Distraction osteogenesis (DO) is a mechanotransduction process capable of generating viable osseous tissue by the gradual separation of osteotomized bone edges. Several variables are implicated in DO: magnitude of mechanical strain, distraction rate, and type of distracted bone. The combination of these factors acts on different types of cells inducing apoptosis, cell proliferation, and differentiation. The elucidation of the molecular mechanisms has important clinical implications because it may facilitate the use of recombinant proteins or gene therapy to accelerate bone regeneration. Previous reports have analyzed several molecules such as extracellular matrix proteins, cytokines, bone morphogenetic proteins, hormones, and angiogenic factors. Moreover, a single protein can have multifunctional roles. With such a huge number of mechanical, histologic, cellular, and molecular variables, there is the need to have a cell culture model that enables the selection of the effect of a specific strength to a single cell type at different time points and with or without cytokines. The analysis of the genetic profiling of a cell line cultured on an equibiaxial stretch device has such characteristic. Because there is a recruitment and commitment of preosteoblastic cells during bone lengthening and no previous report has focus on them, the authors used a preosteoblast MC3T3-E1 cell line to detect the early molecular effects of distraction on mesenchymal cells. By using DNA microarrays containing 15,000 clones, the authors identified several genes the expression of which was significantly up- or down-regulated. The differentially expressed genes cover a broad range of biological processes: cell growth, metabolism, morphogenesis, cell communication, response to stress, and cell death. The data reported are the first genetic portrait of stretched preosteoblasts. They can be relevant in the better understanding of the molecular mechanism of DO and as a model for comparing the effect of distraction on different cell lines and primary cultures, rate and strength of distraction, and with or without cytokines.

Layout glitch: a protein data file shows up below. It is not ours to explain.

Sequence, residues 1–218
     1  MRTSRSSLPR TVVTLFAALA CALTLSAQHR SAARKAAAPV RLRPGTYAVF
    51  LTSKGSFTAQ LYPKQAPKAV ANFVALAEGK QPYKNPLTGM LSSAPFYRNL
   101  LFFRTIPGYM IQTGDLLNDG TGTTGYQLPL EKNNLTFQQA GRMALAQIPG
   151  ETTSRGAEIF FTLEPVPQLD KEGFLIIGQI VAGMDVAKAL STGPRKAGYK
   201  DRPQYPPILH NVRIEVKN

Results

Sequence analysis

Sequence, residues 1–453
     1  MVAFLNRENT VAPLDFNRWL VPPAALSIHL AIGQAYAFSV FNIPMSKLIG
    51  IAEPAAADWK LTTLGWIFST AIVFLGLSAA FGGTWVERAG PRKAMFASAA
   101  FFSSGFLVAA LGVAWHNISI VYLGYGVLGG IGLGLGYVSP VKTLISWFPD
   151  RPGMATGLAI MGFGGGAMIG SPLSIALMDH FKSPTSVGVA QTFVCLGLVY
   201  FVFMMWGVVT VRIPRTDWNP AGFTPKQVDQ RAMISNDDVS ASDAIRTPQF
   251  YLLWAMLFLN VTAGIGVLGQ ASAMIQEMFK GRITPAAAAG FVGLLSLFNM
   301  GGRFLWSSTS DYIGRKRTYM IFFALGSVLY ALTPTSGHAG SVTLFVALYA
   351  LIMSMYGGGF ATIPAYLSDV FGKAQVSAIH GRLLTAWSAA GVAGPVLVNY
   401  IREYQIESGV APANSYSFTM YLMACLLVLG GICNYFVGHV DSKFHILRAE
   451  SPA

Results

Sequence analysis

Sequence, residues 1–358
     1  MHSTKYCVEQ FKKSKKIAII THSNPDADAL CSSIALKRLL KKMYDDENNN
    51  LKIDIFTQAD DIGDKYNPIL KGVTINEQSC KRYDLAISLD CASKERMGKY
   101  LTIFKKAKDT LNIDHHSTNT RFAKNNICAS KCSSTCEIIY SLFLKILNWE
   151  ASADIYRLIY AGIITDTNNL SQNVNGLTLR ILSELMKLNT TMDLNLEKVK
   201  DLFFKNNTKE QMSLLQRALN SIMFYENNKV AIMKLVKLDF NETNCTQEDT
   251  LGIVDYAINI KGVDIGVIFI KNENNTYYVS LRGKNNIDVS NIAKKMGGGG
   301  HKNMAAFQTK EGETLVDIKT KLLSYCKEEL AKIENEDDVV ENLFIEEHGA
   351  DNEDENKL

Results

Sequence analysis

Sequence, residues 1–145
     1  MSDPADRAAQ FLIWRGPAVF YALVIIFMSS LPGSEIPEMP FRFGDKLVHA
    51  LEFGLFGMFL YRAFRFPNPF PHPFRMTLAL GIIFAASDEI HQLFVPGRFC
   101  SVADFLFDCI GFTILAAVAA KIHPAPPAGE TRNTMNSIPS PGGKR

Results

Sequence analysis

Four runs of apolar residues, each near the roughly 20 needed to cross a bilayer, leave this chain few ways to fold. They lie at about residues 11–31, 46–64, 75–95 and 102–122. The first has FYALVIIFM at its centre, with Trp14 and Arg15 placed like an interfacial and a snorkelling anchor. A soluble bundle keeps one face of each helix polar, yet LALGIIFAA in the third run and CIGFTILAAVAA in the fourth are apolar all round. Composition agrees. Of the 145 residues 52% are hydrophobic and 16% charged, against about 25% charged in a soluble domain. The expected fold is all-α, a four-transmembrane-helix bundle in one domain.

An in vitro model for dissecting distraction osteogenesis.

PEZZETTI, FURIO;PALMIERI, ANNALISA;
2005

Abstract

Distraction osteogenesis (DO) is a mechanotransduction process capable of generating viable osseous tissue by the gradual separation of osteotomized bone edges. Several variables are implicated in DO: magnitude of mechanical strain, distraction rate, and type of distracted bone. The combination of these factors acts on different types of cells inducing apoptosis, cell proliferation, and differentiation. The elucidation of the molecular mechanisms has important clinical implications because it may facilitate the use of recombinant proteins or gene therapy to accelerate bone regeneration. Previous reports have analyzed several molecules such as extracellular matrix proteins, cytokines, bone morphogenetic proteins, hormones, and angiogenic factors. Moreover, a single protein can have multifunctional roles. With such a huge number of mechanical, histologic, cellular, and molecular variables, there is the need to have a cell culture model that enables the selection of the effect of a specific strength to a single cell type at different time points and with or without cytokines. The analysis of the genetic profiling of a cell line cultured on an equibiaxial stretch device has such characteristic. Because there is a recruitment and commitment of preosteoblastic cells during bone lengthening and no previous report has focus on them, the authors used a preosteoblast MC3T3-E1 cell line to detect the early molecular effects of distraction on mesenchymal cells. By using DNA microarrays containing 15,000 clones, the authors identified several genes the expression of which was significantly up- or down-regulated. The differentially expressed genes cover a broad range of biological processes: cell growth, metabolism, morphogenesis, cell communication, response to stress, and cell death. The data reported are the first genetic portrait of stretched preosteoblasts. They can be relevant in the better understanding of the molecular mechanism of DO and as a model for comparing the effect of distraction on different cell lines and primary cultures, rate and strength of distraction, and with or without cytokines.
Carinci F.; Pezzetti F.; Spina A.M.; Palmieri A.; Carls F.; Laino G.; De Rosa A.; Farina E.; Illiano F.; Stabellini G.; LoMuzio L.; Perrotti V.; Piattelli A.
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Utilizza questo identificativo per citare o creare un link a questo documento: https://hdl.handle.net/11585/7486
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